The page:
What to Expect When Breastfeeding a Newborn

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Congratulations! You’ve planned and prepared for your new little blessing and the time has finally come – your baby is here! What should you expect when breastfeeding a newborn in the first few days following delivery? Keep the following breastfeeding advice in mind to get breastfeeding off to a good start.

What to Expect When Breastfeeding a Newborn

Following Delivery

Whether your labor and delivery was completely natural, an emergency c-section or something in between, it is important to hold your baby in skin-to-skin contact immediately (or as close as possible) following birth. You can never get the first two hours after birth back. This is a critical time of bonding as hormones flourish helping to regulate a baby’s body temperature and blood glucose levels and a mother’s milk supply. Delay all non-essential checks of baby that cannot be done, while baby is in skin-to-skin with mother until after the first breastfeed. With a cesarean delivery the mother will need help holding baby.

Babies instinctively know what to do. When labor is unmedicated, babies can be placed on their mother’s stomachs and will actually crawl up, find the breast and spontaneously breastfeed on their own. It is called “the breast crawl” and it is quite powerful to watch! However, even if you choose to lay your baby directly on your stomach and breast and help him attach, the important thing is bonding together, skin-to-skin without interruption until after the first breastfeed.

The first 24 hours

During the first 24 hours, continue to hold your baby in skin-to-skin contact as often as possible. This helps to establish a mother’s milk supply and encourage a baby to nurse on demand. You cannot spoil your baby and you cannot nurse your baby too often. Breastfeed whenever your baby wants, and at least 10-12 times in a 24-hour period. Rooming-in with your baby in the hospital will help facilitate frequent nursing.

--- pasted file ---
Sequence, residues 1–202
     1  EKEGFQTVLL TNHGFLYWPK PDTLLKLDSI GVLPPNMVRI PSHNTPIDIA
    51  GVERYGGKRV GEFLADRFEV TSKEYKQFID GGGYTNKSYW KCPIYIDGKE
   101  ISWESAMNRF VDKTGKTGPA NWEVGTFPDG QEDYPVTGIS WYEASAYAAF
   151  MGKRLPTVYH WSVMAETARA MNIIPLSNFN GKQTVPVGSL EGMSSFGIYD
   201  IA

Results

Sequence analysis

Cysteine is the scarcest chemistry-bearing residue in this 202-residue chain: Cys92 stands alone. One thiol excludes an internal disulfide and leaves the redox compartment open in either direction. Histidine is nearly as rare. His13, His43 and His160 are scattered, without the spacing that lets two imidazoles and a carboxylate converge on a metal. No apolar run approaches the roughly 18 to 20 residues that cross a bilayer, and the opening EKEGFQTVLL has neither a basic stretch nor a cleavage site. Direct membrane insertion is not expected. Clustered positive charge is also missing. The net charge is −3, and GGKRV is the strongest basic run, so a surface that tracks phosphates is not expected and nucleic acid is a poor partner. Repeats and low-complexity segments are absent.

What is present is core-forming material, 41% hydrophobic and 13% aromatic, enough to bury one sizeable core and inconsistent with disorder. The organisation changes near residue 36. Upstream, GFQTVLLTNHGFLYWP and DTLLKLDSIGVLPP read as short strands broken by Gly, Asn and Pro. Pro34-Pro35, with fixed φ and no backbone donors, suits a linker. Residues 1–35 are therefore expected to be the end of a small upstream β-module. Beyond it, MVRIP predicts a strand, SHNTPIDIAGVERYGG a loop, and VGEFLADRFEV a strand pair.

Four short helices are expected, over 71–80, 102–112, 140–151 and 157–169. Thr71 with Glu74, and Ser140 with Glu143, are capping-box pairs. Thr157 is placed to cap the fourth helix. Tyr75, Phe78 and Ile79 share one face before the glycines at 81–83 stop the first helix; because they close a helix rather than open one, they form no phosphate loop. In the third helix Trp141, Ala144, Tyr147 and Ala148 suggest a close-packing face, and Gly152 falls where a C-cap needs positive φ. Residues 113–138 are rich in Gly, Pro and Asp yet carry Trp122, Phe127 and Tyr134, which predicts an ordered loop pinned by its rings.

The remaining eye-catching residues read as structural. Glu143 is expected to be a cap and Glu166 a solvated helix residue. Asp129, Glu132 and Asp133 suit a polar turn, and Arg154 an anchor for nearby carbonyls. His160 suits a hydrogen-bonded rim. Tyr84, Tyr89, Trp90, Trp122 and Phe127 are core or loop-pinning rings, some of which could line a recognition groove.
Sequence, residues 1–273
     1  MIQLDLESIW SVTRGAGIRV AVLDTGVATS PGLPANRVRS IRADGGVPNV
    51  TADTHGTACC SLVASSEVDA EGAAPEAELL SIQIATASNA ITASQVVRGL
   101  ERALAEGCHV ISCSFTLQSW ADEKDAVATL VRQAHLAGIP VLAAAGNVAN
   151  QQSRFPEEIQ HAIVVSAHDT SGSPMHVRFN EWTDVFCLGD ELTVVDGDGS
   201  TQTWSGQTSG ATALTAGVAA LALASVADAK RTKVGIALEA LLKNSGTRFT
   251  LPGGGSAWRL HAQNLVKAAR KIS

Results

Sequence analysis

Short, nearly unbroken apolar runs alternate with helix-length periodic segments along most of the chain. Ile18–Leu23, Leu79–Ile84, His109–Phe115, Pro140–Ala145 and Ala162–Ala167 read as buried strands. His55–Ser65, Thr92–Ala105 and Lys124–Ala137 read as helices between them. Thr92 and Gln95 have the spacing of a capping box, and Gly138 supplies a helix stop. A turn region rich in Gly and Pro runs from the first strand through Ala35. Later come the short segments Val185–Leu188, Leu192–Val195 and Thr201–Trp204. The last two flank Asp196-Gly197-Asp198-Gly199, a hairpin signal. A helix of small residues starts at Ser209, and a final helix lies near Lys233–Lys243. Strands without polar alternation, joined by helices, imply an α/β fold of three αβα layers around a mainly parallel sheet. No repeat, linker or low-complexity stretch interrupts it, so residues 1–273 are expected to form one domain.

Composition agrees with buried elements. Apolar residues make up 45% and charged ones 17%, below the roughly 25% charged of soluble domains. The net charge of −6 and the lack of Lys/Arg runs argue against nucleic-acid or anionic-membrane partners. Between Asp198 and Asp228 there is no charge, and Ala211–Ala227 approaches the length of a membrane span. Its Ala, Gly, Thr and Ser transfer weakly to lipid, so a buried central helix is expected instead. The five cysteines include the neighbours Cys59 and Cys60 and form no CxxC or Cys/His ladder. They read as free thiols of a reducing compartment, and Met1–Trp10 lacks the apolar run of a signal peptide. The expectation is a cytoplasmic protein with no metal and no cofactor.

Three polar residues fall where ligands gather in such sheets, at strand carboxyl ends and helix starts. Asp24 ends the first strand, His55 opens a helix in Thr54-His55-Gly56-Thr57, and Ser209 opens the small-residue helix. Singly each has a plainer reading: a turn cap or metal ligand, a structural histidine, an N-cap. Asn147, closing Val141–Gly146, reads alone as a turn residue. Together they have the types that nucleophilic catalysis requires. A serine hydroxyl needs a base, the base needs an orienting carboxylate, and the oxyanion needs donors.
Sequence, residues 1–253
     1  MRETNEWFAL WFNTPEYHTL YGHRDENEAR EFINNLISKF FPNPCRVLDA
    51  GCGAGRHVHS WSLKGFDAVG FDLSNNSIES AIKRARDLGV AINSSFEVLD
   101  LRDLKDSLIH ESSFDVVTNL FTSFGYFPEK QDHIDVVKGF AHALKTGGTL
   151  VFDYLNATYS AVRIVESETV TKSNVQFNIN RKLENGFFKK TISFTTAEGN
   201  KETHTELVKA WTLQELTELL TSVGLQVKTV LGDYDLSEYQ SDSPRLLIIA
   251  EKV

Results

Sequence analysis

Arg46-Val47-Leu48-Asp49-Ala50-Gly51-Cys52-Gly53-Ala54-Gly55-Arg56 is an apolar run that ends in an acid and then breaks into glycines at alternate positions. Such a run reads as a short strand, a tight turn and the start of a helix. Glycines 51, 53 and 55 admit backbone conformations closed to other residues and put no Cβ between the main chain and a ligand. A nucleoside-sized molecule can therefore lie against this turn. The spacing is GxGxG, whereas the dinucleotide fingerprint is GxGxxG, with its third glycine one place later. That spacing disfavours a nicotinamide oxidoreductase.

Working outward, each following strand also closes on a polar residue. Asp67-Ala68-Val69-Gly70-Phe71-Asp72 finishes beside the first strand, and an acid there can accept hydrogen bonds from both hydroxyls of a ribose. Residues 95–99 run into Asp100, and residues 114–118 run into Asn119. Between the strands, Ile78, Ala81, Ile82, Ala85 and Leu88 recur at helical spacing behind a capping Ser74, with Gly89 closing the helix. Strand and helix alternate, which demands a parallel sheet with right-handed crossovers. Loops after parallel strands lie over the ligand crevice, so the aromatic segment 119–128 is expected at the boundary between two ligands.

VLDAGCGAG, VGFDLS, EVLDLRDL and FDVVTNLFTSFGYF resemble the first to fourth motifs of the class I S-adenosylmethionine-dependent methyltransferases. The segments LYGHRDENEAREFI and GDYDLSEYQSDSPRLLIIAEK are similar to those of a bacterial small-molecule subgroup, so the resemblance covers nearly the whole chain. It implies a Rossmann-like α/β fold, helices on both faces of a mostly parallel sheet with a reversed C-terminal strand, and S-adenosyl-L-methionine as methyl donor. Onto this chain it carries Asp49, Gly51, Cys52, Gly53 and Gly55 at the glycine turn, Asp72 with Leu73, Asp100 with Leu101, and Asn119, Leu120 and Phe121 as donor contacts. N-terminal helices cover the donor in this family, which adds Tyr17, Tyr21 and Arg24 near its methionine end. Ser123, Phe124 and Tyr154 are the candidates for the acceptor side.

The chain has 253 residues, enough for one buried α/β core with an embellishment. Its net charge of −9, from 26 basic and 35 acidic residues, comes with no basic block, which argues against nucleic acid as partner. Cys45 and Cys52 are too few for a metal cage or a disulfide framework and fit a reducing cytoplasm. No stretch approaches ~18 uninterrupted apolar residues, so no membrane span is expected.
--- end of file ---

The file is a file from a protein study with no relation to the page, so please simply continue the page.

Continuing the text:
If your baby is sleepy (which is especially common if there were any pain medications during labor or if your baby is preterm), then it is important to wake your baby to feed him. There should not be longer than one 4-hour stretch of sleep in 24 hours; otherwise your baby should nurse at least every 2-3 hours.

Breastfeeding should never hurt, even in the beginning, so if you are experiencing pain, seek out help. If you are in a hospital setting, ask to see the lactation consultant. If you are in a birthing center or at home, talk with your midwife about what could be causing the pain. The majority of the time the pain is caused because of an issue with positioning and attachment. The earlier you are able to sort out the problem, the less likelihood your nipples will be damaged or your baby will learn a poor latch.

During the first 24 hours, your baby should have at least one dirty diaper and one or more wet diapers. A newborn baby’s stomach is very small. Thick, rich, colostrum is all he needs for the first few days until a mother’s milk comes in.

The First Week

Practices begun in the first 24 hours should continue during the first week. Keep your baby nearby, while he is sleeping so you are aware of when he wakes and his early feeding cues. Spend as much time in skin-to-skin contact as possible. Consider co-sleeping in the same room or even bed sharing. Many moms find it helpful to get a sling or baby wrap, so your baby can be held close, but mother is still able to move about in the house and do a few things.